- Speculators withhold commodities from the marketplace in order to maximize demand and resale price. This removes them from the pool available to utility users.
- The RIRs' constituency is the Internet, Internet users, and the Internet service provision industry. Speculators outside the Industry are not within the RIRs' constituency. The RIRs' allegiance is owed to the Internet, and the RIRs must therefore work to maximize the availability of IPv4 addresses to actual use on the Internet, and work to minimize the cost of those addresses to the industry and ultimately to Internet users.
- The higher the ratio of sellers to buyers in a market, the higher availability is, and the lower costs will fall. 5
- The lower the ratio of sellers to buyers in a market, the lower availability is, and the higher costs will rise.
- For the good of the Internet, it is the RIRs' responsibility to maximize the number of sellers in the market, and minimize the number of buyers.
- Restrictions placed upon potential sellers of addresses serve to dissuade them from bringing their addresses to market, and are thus anathema.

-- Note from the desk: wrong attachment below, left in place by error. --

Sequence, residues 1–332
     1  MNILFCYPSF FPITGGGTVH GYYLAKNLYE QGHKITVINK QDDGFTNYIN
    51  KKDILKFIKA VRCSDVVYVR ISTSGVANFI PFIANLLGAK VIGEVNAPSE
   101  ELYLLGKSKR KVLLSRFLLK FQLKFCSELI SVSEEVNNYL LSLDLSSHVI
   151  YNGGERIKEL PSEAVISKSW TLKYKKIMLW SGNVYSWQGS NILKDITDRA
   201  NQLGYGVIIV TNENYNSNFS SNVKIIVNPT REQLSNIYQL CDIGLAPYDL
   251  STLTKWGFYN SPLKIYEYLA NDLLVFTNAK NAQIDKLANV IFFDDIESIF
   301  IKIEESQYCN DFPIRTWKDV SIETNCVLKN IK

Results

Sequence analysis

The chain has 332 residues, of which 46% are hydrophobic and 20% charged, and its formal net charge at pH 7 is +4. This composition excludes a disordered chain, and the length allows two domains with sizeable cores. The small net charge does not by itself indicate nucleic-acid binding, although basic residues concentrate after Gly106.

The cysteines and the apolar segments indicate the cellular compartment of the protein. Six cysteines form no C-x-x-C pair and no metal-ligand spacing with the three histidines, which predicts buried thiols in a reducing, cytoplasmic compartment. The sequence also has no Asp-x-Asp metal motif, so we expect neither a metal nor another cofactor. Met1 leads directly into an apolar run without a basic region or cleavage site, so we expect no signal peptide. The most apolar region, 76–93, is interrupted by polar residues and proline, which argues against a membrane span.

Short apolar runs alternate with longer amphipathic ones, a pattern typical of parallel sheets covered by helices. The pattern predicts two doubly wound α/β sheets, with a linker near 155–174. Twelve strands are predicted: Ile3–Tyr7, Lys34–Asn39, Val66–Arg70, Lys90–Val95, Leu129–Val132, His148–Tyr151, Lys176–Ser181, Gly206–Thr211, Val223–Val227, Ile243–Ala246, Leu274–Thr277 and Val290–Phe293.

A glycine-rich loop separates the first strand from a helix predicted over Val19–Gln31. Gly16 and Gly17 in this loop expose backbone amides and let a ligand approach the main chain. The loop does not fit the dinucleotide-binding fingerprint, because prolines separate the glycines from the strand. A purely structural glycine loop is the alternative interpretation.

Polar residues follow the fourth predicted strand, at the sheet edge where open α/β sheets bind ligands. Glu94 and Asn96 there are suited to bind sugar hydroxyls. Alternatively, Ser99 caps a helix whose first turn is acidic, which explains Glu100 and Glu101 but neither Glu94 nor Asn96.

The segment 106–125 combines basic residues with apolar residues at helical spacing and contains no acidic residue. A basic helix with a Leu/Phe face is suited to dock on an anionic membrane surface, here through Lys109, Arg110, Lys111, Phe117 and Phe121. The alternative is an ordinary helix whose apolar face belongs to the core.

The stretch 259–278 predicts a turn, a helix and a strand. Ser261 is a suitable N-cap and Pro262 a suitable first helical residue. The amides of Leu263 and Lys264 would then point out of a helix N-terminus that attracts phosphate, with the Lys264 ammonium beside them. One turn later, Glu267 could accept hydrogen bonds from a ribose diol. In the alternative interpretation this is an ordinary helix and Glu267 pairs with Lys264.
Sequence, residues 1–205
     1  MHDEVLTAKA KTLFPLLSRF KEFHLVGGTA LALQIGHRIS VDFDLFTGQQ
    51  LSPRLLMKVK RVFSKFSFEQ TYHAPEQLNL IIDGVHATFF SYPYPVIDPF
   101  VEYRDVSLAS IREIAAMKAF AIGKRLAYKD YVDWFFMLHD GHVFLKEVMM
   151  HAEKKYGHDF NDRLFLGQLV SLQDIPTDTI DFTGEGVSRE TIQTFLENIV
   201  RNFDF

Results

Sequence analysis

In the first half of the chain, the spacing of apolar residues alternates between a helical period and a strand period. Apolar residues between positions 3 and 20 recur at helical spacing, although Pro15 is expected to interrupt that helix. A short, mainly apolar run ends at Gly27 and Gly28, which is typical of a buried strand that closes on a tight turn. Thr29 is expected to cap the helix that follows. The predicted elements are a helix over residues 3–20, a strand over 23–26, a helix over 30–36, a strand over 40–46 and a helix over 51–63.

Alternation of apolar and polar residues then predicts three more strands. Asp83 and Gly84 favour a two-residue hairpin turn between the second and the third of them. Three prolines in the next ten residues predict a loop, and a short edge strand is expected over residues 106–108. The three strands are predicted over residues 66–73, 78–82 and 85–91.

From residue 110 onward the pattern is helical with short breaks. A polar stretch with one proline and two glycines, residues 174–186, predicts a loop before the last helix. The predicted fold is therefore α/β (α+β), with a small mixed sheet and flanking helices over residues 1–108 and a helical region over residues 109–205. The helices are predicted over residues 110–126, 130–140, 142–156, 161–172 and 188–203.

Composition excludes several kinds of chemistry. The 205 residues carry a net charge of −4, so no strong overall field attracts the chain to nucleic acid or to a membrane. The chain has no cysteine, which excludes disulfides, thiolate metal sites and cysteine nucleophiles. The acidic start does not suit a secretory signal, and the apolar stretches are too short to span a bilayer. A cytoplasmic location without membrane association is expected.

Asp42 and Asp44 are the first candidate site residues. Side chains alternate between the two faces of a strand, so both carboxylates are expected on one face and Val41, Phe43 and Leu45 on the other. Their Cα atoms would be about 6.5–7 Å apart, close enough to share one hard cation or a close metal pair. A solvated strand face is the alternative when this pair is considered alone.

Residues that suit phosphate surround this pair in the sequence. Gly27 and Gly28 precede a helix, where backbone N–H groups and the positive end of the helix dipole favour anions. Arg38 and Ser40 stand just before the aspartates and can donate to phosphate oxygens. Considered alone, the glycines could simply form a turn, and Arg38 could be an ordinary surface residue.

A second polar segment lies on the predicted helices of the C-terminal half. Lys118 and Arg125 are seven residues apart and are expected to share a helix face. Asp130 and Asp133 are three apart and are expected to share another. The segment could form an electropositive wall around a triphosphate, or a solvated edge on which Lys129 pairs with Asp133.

- Restrictions placed upon potential recipients of addresses serve to minimize the number of buyers, and are thus ultimately beneficial for availability and price, benefiting the Internet.
- RIRs presently have a highly-evolved, bottom-up, publicly, transparently, and democratically-developed regime of regulatory restrictions upon the recipients of address space. A public policy development process obtains, which is entirely sufficient to modify or fine-tune those restrictions, if need arises.
- No need has been demonstrated to modify the restrictions upon address recipients in the wake of IPv4 depletion.
- No need has been demonstrated to place restrictions upon offerors of address space in the wake of IPv4 depletion.
- A need exists to maintain aggregateability in the address blocks routed on the Internet.
- This need dictates that large contiguous address blocks be favored wherever possible.
- This need dictates that a market be "convex," to use Ben's term, such that sellers are more highly rewarded for selling whole contiguous blocks, than for breaking them up into small pieces and selling those individually.
- This is a progressive pricing model, as opposed to the regressive pricing model which currently exists. That is, in the future, in order to maintain a degree of aggregation, large blocks of addresses must cost more //per address// than small ones, whereas the reverse is presently true.